I was born with hip dysplasia, however it wasn’t until I was attempting to walk that I was diagnosed. The next year became a whirlwind for my family, as I spent a lot of time in hospital. Corrective surgeries, legs in contraction and a heavy plaster cast!
During my childhood, I never held back! Making bmx bike jumps and climbing big trees, running around the neighbourhood with all the kids. I was very active, loved swimming, and I believe having strong and healthy muscles prolonged further surgeries and having my hips pinned, which was always a discussion during my routine X-rays and specialists visits.
It’s funny the memories of ‘pain’ during childhood, but I distinctively remember being put in time-out by a teacher because I spoke during assembly; I had tried to tell her it hurt to cross my legs. From then on, I only half crossed, but found long assembly’s really uncomfortable.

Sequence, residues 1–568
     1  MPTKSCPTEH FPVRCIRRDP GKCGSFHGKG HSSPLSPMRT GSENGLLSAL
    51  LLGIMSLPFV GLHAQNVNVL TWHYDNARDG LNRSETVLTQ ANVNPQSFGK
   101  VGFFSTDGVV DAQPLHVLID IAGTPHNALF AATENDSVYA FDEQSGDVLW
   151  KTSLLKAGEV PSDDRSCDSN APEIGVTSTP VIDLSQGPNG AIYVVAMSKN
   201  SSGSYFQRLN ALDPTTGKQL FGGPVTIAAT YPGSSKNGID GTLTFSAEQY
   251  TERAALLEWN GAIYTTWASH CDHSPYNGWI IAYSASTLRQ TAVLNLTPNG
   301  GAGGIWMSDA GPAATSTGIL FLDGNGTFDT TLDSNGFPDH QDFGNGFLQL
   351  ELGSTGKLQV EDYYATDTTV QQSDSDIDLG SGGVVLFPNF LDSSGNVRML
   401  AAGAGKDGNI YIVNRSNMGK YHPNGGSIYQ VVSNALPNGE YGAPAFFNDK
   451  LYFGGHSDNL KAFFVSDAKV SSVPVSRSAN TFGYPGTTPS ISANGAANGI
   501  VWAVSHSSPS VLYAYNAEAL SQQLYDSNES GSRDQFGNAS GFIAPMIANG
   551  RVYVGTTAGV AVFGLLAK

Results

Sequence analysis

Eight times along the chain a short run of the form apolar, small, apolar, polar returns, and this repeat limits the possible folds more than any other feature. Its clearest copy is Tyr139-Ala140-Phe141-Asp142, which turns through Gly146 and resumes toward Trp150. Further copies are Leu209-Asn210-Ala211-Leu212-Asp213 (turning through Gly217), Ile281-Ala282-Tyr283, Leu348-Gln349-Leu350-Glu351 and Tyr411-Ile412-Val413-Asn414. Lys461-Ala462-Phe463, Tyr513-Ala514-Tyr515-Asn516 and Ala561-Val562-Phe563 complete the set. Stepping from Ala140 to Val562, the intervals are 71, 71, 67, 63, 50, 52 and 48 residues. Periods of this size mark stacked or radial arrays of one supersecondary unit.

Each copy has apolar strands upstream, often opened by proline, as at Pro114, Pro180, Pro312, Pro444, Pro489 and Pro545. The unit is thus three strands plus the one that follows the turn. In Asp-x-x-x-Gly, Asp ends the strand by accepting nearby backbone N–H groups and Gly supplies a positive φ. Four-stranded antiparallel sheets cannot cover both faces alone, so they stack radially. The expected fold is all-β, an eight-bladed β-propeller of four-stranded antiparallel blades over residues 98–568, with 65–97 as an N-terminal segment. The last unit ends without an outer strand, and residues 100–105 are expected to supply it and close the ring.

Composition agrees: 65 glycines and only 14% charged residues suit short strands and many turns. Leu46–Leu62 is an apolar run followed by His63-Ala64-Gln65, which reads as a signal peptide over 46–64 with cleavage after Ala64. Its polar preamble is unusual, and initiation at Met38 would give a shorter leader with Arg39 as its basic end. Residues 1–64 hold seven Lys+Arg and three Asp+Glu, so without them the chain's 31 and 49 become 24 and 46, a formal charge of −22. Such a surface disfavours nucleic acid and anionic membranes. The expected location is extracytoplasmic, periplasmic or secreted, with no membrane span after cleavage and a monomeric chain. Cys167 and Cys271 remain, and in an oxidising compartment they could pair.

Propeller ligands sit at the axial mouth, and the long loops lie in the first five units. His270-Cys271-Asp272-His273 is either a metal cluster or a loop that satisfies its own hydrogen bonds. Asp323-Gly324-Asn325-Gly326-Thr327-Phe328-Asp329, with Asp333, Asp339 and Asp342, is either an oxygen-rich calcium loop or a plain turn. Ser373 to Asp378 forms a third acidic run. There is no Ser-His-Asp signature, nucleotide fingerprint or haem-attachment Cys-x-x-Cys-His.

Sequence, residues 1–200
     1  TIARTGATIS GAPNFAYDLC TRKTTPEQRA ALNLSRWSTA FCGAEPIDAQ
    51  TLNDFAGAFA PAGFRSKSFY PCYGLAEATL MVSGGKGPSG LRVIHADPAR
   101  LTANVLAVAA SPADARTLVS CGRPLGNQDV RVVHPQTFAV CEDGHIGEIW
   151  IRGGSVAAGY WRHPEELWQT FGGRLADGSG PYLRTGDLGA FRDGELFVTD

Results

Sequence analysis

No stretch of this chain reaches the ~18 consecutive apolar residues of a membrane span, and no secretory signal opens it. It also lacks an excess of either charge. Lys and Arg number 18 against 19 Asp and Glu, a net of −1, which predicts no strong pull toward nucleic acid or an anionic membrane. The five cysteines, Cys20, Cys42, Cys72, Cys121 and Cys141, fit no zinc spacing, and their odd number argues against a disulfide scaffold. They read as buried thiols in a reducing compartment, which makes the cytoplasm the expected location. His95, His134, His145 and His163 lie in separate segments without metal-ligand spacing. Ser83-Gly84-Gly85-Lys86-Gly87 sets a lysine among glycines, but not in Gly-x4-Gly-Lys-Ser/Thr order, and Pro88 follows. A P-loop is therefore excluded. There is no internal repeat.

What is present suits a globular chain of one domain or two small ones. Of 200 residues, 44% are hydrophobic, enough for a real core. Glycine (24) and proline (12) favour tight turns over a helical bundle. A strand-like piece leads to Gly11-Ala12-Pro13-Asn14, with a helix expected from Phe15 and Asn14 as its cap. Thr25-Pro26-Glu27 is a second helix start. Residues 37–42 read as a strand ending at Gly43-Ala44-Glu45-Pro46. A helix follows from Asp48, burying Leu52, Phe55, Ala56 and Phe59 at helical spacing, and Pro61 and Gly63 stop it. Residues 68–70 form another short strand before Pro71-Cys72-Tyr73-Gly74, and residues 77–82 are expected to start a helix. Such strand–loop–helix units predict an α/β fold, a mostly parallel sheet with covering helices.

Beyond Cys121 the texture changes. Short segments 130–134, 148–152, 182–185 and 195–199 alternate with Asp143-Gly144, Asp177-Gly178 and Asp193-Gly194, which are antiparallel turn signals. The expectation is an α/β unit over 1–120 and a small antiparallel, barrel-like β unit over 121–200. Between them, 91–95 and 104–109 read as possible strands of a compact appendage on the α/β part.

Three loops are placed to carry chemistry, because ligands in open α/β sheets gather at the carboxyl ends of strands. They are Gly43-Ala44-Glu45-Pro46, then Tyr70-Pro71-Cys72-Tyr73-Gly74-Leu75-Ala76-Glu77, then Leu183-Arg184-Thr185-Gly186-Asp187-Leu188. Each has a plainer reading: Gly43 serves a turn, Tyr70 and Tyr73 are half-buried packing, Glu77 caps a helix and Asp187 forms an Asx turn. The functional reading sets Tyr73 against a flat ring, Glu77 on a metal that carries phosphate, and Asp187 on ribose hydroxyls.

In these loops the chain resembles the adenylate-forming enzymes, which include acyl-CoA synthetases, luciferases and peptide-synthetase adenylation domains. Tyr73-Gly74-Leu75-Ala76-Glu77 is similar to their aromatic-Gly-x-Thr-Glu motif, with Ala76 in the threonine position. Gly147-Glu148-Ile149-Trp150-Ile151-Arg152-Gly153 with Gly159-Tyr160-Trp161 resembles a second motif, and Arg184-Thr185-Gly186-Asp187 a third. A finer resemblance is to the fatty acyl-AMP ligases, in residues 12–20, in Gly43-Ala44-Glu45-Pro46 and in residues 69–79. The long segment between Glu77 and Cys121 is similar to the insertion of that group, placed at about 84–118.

As I reached teen years, I remember doing certain activities and sports and always having some level of pain, but I didn’t question it and expected everyone else was pushing through pain too. I wasn’t brought up having limitations, I was encouraged to keep healthy and fit, but I soon learned that netball and basketball wasn’t for me. I would ask to sit out some activities at school or have a rest, and a physical education teacher said I wasn’t being legitimate (in his words ‘fair dinkam’) and that I’d been mollycoddled my whole life. That’s a statement that has always stuck with me, yet it’s far, far from reality.